zoom, by Paul Heckbert
Paul Heckbert's zoom (user's manual) is a great little program that implements a variety of separable antialiased filters for resizing and resampling images. You can use it to blur images, to shrink images, to enlarge images, or perform any of these operations on one axis of an image.
Zoom implements the filter kernel convolution entirely in integer arithmetic and uses separable filters to keep the intermediate memory requirements reasonable.
Rich didn't write zoom, but he did add some file format support to it because he's such a big fan of its filter implementation.
File formats supported: PBM/PGM/PPM, uncompressed BMP, TIFF, GIF, JPEG, PNG and raw "dump" format. I don't guarantee that the file I/O code that I added will support every possible variation (TIFF has many variations), but I try to test with a variety of input files.
Files and Filters Supported
This 1.3 release contains everything needed to build zoom from MS VC++ 6, including TIFF via libtiff, PBM/PGM/PPM via netpbm, PNG via libpng, raw dump, GIF and BMP via C code, and JPEG via IJG's libjpeg.
picture devices/file formats known: dump pnm jpg png gif tif bmp
point 0.00 box 0.50 triangle 1.00 quadratic 1.50 cubic 2.00 catrom 2.00 mitchell 2.00 mitchell: p0=0.888889 p2=-2 p3=1.16667 q0=1.77778 q1=-3.33333 q2=2 q3=-0.388889 gaussian 1.25 sinc 4.00 (windowed by default) bessel 3.24 (windowed by default) hanning 1.00 hamming 1.00 blackman 1.00 kaiser 1.00 kaiser: a=6.5 i0a=0.00940797
Why Proper Filtering Matters
You may be wondering why you should go to all the trouble of selecting a filter when resizing an image and doing all this stuff.
Here is a visual example illustrating the difference. The following two images went through the same scaling code in zoom. The first image uses a 'mitchell' filter which trades ringing for smoothing to try and get a generic catch all filter. (There are images for which you might want to use a sharper filter and others for which you might want a smoother filter.) The second image uses the filter 'point' which just point samples the source image no filtering at all.
The source image of Visual C++ 6 debugging zoom still has a recognizable font on the filtered image, but the aliased image looks horrible. (Win32's StretchBlt is more likely to give you something more like the point-sampled image, depending on your GDI display driver.)
My favorite aliasing artifact in the above is how the scroll bars have turned into alternating bands of white and gray! Other artifacts you can see: thin lines on the tree view control are missing, braces in the C code shown in the source view are missing, the colored text is now faded and in some cases difficult to see that its colored and you can no longer read the text displayed anywhere.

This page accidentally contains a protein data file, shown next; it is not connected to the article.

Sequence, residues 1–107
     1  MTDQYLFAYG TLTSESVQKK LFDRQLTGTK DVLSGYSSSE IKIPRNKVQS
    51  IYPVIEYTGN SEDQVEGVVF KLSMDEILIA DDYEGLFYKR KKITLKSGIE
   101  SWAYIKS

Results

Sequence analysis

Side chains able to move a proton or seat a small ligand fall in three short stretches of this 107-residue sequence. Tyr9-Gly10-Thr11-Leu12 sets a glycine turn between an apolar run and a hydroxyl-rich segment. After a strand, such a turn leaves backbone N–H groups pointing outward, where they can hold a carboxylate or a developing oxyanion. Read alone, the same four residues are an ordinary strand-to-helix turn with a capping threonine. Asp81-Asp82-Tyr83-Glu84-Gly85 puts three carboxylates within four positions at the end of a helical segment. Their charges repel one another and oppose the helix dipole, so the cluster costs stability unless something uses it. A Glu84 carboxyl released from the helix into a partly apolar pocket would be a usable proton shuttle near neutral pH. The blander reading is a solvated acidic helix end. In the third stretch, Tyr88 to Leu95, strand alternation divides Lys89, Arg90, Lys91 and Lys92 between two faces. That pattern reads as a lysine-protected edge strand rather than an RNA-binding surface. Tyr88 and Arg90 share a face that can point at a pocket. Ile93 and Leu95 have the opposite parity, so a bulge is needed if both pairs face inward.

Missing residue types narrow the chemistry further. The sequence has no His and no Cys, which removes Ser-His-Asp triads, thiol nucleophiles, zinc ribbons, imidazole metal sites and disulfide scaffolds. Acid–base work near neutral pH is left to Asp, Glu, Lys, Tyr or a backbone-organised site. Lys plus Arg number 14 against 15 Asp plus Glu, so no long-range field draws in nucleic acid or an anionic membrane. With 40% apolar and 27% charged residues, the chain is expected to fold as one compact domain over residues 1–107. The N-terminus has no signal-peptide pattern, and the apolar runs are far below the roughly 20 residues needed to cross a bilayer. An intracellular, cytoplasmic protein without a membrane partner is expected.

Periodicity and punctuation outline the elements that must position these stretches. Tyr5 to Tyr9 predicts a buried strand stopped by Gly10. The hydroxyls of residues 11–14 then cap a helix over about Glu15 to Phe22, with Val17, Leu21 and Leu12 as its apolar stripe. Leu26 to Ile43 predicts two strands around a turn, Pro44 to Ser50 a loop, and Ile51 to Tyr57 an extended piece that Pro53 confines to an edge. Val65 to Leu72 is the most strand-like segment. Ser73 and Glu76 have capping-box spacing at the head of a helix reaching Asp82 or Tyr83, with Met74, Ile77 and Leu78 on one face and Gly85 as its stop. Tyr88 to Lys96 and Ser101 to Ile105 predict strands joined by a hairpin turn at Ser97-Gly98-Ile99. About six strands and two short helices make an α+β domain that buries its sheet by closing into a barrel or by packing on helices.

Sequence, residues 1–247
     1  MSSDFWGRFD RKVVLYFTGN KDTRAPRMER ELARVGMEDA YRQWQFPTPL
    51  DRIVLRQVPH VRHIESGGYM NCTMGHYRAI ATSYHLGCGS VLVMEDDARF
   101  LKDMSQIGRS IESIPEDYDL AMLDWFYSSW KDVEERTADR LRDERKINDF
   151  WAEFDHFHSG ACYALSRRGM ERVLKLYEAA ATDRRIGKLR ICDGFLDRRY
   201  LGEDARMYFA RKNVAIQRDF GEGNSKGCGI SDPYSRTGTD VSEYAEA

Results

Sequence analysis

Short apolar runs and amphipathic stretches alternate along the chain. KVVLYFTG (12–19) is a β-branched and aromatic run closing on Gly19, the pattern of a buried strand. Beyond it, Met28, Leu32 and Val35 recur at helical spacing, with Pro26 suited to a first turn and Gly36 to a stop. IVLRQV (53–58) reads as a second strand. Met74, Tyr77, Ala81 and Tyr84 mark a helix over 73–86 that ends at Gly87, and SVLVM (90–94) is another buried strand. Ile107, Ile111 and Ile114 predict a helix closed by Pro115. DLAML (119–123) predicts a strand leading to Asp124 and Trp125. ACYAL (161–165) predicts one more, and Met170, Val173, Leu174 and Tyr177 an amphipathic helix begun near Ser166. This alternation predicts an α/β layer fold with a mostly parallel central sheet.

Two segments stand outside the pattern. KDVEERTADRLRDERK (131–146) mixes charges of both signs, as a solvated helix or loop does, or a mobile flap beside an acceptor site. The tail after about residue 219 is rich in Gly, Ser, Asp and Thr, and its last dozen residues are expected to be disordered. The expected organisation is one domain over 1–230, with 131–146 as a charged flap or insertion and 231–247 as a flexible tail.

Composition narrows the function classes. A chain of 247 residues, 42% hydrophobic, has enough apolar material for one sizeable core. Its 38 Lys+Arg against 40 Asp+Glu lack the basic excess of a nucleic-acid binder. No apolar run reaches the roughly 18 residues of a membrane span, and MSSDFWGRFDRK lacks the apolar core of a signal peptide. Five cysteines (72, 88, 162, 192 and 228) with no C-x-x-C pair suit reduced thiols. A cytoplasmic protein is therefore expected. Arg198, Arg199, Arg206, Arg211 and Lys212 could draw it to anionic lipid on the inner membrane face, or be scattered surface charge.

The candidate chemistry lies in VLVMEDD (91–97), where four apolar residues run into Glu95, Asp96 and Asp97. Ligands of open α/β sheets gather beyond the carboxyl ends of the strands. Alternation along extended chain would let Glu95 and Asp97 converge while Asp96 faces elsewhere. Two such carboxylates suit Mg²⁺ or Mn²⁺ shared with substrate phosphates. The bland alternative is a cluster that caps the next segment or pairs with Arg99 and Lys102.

Making It Fit, Pt. 2
Here's another example. Ever find some really nice image on the net, but its too big for your screen? Maybe you found a way to squish it into your available screen space, but it didn't come out looking as nice? Chances are that aliasing was introduced when the image was rescaled. I like to browse lots of space sites like NASA's image archives and find big astronomy images for my PC's desktop. Zoom is great for resampling those images to fit nicely on your desktop.
I found this HUGE NASA radar image of Salt Lake City, at 1494 by 2500 pixels. Using zoom I filtered it down to fit in a 1280x1024 screen and converted it to JPEG. Now normally JPEG would be horrible on this kind of image because it would ditch all the high frequencies and introduce artifacts. When we downsample (reduce in resolution) a digital image with zoom, we do the minimal amount of smoothing that digital signal processing theory will let us get away with. Because we are downsampling, the filter will smooth out the high frequency components that will give JPEG trouble, so when we convert to JPEG, the fine detail of the streets and causeways in the Great Salt Lake are preserved as best they can.
Filtering Without Resizing
These three images are all from the same source, just blurred differently with zoom.
You can also use zoom to apply some smoothing to an image without changing its size. This can be useful for smoothing a poorly scanned half-tone image, where the half-tone pattern is causing artifacts. By applying a little smoothing to the image, we smear out the half-tone dots and averaging them together. When you look at a half-tone original from far away it appears continuous because your eye does this sort of averaging.